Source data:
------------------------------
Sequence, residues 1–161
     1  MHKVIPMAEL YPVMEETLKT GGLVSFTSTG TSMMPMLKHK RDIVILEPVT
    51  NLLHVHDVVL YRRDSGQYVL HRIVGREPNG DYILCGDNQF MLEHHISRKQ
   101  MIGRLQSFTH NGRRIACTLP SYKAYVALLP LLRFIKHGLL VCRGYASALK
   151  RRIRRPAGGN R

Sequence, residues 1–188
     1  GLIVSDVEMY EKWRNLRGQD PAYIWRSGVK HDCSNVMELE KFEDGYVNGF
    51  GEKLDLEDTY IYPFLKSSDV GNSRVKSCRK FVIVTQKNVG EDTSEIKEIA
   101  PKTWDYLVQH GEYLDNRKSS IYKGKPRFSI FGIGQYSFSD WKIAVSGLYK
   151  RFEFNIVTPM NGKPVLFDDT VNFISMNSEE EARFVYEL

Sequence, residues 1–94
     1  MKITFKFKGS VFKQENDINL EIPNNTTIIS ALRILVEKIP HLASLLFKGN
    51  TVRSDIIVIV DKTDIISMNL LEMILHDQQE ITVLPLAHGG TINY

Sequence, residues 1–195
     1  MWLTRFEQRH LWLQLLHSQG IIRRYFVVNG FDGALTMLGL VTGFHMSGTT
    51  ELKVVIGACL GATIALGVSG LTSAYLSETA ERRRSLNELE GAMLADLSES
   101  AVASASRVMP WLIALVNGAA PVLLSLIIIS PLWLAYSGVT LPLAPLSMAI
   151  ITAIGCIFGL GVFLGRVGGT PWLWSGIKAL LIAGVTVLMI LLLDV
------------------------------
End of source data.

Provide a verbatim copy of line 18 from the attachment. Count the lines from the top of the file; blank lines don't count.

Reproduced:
   151  ITAIGCIFGL GVFLGRVGGT PWLWSGIKAL LIAGVTVLMI LLLDV